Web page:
Cathay Pacific Airways will take full ownership of its cargo joint venture, Air Hong Kong (AHK) by purchasing the remaining 40 per cent it doesn’t already own, from its partner DHL Group, the Hong Kong-based carrier said in a stock exchange filing on Friday.
As a result Air Hong Kong – whose primary customer is DHL Express – will become a wholly owned subsidiary of Cathay. The stock exchange filing did not detail the cost of DHL’s 40-per cent stake.
The filing did say that AHK would continue to operate a freighter network to destinations in Asia for DHL and would receive agreed service fees and reimbursement of operating expenses.
In addition to purchasing DHL’s stake in AHK, the statement said that DHL would purchase eight A300-600F freighters and associated equipment from AHK, and lease them back to the cargo carrier. This will continue DHL’s role as not only Cathay’s customer, but business partner as well, through the leasing and purchase of block space.
AHK will sell space on its freighters to DHL on an agreed network of overnight routes for initially 15 years starting January 2019, Cathay said. Air Hong Kong currently operates an express freight network to 12 destinations in nine countries, including China, Japan, Malaysia, Philippines, Republic of China (Taiwan), Singapore, South Korea, Thailand and Vietnam. Aside from the eight A330-600Fs, the carrier also operates two A330-600RFs (increased range) and two B747-400BCFs.
Cathay Pacific chief customer and commercial officer Paul Loo said: “We are pleased to announce the signing of a Memorandum of Understanding and look forward to continuing our fruitful commercial relationship with DHL.”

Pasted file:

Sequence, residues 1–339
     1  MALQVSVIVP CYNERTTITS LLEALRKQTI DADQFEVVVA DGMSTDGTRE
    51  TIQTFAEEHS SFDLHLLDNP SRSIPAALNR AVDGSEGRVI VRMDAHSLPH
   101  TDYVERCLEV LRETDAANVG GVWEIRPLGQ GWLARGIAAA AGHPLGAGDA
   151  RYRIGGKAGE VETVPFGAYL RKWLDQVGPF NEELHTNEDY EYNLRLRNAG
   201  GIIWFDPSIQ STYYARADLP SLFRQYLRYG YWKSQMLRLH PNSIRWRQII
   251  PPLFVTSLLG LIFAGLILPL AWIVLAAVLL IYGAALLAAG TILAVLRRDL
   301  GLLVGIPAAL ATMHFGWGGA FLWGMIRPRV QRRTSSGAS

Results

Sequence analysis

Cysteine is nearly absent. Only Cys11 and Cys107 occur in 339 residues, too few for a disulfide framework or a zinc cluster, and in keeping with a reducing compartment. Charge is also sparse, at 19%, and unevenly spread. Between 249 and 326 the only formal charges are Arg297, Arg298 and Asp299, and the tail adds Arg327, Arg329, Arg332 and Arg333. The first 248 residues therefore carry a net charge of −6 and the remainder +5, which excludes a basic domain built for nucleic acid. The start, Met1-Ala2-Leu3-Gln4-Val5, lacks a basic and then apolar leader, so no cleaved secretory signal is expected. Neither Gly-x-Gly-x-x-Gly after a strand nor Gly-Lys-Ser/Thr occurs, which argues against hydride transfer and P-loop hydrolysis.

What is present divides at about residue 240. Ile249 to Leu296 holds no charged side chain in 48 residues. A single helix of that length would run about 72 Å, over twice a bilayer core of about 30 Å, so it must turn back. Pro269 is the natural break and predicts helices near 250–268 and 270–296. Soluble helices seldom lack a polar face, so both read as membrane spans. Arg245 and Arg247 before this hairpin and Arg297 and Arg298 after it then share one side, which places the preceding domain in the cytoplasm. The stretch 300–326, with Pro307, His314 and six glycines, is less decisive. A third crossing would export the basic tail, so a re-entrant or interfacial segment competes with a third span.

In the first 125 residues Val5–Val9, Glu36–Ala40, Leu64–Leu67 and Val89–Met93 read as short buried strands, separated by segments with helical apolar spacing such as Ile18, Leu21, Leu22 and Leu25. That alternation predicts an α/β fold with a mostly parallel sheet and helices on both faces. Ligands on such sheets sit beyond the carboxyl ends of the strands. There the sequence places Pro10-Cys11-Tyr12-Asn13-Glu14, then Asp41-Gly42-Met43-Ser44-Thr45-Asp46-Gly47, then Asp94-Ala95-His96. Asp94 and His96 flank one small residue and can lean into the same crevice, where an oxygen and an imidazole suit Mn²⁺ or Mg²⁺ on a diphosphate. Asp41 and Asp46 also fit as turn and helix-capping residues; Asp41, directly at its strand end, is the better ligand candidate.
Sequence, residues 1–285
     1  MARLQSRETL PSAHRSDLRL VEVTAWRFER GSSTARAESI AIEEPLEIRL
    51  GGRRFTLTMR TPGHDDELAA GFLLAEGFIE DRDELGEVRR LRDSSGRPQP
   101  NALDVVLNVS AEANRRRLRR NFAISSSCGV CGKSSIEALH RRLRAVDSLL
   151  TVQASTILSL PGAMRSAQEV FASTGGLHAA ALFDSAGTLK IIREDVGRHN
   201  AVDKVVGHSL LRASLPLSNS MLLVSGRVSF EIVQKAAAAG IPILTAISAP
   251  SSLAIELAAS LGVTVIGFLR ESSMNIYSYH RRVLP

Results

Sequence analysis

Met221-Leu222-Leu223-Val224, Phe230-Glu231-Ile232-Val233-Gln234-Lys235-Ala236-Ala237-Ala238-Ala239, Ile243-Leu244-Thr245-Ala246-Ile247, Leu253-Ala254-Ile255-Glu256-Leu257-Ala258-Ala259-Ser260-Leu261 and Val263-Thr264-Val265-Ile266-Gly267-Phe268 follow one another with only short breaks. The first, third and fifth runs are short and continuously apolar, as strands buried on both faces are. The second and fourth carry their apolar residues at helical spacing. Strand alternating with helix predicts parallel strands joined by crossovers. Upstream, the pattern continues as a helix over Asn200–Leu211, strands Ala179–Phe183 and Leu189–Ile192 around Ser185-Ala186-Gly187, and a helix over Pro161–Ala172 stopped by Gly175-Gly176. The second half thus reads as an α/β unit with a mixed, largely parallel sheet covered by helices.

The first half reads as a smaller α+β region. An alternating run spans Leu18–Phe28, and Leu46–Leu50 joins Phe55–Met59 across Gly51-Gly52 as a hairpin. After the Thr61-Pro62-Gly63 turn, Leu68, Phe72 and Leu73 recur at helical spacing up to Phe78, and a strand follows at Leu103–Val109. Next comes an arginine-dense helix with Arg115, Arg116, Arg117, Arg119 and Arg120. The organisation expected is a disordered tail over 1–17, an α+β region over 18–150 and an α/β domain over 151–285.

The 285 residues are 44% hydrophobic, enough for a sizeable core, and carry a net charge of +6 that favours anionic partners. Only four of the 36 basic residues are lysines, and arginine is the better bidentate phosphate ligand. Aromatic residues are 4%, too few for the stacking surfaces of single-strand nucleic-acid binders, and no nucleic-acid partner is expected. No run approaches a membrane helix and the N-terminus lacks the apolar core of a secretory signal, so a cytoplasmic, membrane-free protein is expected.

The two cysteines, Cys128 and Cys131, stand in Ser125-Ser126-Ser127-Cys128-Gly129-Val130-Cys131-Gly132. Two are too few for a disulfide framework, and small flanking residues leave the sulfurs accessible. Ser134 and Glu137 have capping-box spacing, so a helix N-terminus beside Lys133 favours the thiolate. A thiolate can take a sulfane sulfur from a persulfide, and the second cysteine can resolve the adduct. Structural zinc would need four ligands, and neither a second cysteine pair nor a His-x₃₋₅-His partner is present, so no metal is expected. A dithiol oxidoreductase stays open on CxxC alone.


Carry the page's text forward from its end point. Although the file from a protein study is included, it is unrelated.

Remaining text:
In 2007, DHL and Cathay came to an agreement that AHK would sell space to DHL on an agreed network of flights. Both this agreement and the joint venture agreement governing the company will expire on 31 December 2018. This latest agreement will take effect on the expiry of the existing arrangements.
Cathay Airways has been struggling in the face of rising competition from mainland Chinese and gulf carriers which saw it post a net loss of HK$575 million in the financial year 2016, only the third year it posted a loss in its 70-year history.
But with mainland China as its backyard – and a cargo joint venture with Air China – the carrier continues to expand its cargo business, in part driven by the ongoing boom in e-commerce in the region, despite recently doing away with the role of cargo director.